Game On is a game development program that was started in 2019 to support game development in Zimbabwe. It started off as a game development accelerator, the first ever in Zimbabwe and through that program it became clear that a lot more foundational work needed to be done in order to effectively support game development in Zimbabwe. Part of the prior work around the project revealed that monetization was a crucial component and part of the infrastructure that has to be made available if this industry is to truly take off. This is especially true for Zimbabwean developers as they do not have access to basic digital payment infrastructure such as PayPal and Skrill. As such this project explored the depth of knowledge and extent to which game developers were leveraging different web monetization models. Building on that, the project sought to improve the adoption of web monetization through a series of workshops and the formation of a local community of interested developers, designers and innovators and lastly, to profile active game developers in the ecosystem and their work.
We began by mapping out the ecosystem in Zimbabwe. This entailed reaching out to the existing developers that we know and, through referral, identifying additional developers. We also reached out to the educational institutions, Coworking Spaces, E-sports clubs and associations as well as companies that have dabbled in game development and "gamification." (This was very rudimentary gamification in things like loyalty programs.)
A big deliverable of this project was a research paper focusing on the adoption of web monetization models in game development. The results of the study showed that out of 23 (100%) game developers a total of 63 games had been successfully developed with only 19 (83%) managing to monetise their games. The results of the study further showed that 4 (21%) of the game developers use retail purchasing, 19 (100%) use digital downloads, subscription, and advertising models, while 11 (58%) used article writing, No game developer highlighted the use of player trading. When it came to web monetisation models 19 (100%) used premium digital downloads, freemium, and digital advertising, while 3 (16%) utilised micro-transactions and loot boxes. Furthermore, web monetisation models were currently not sustainable for most game developers with only 8 (42%) out of the 19 (100%) game developers realising profits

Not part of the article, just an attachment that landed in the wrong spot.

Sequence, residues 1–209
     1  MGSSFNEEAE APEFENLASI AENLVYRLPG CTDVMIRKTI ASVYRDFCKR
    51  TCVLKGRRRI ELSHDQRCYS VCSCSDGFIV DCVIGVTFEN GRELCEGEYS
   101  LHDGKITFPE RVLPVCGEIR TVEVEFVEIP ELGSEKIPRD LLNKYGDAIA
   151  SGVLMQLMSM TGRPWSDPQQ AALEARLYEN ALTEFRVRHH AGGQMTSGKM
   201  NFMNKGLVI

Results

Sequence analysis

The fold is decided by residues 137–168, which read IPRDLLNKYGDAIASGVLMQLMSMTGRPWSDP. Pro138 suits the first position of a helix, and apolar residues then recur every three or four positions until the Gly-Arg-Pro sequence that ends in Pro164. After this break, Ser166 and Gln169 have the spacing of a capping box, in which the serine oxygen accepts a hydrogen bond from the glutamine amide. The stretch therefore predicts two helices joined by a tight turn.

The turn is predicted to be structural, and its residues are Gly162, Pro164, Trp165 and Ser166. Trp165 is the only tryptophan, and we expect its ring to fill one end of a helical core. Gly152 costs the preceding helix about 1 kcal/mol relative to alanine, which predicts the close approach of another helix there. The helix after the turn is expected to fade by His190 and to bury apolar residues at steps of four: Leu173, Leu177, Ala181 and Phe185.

We also reached out to game developers to identify specific topics and areas of interest that we used in the formulation of the workshop series. It was interesting to learn that the bulk of the developers requested content and material on the fundamentals of game development with topics such as "How to successfully launch a mobile game" as well as other technical questions that are tool/platform specific like using Unity and Unreal Engine. We managed to host at least 5 workshops which attracted a total of 50 participants with 25% being females. The workshops were fruitful and they led to further discussions being made on establishing an e-sports association in Zimbabwe which would act as an avenue for professional development amongst the game developers and other key players in game development.
Community building became the core of this project as we had come to terms with both the need for knowledge and resources and the need for the exploration and adoption of web monetization to be a more community led effort as opposed to being prescriptive. This led us to exploring more activities outside of just workshops to engage active developers and designers. As highlighted from the study’s research findings, most game developers seemed to only focus on advertising as a way of generating revenue seeing as most other forms of digital transactions/payments were relatively inaccessible. The fact that Zimbabwe has a dysfunctional local currency operating with multiple formal and informal exchange rates doesn't help the situation.
We also managed to bring the much needed visibility of the game developers through profiling some of the projects that they were working on as well as those that were already complete and publicly accessible.
We managed to utilise the bulk of our comms budget to reach and attract more participants to our workshops as well as to market the research paper. This was key in ensuring that we bring more visibility to the gaming ecosystem and web monetization. The ecosystem mapping that we undertook highlighted the need to involve other organisations and entities with a vested interest in game development.
Apart from the ecosystem map that we are finalizing to draw attention to the game development ecosystem and the conversations and projects implementing web monetization. We are also looking at models for sustaining the community post this project and we believe that a mix of in person activities and virtual activities will work best.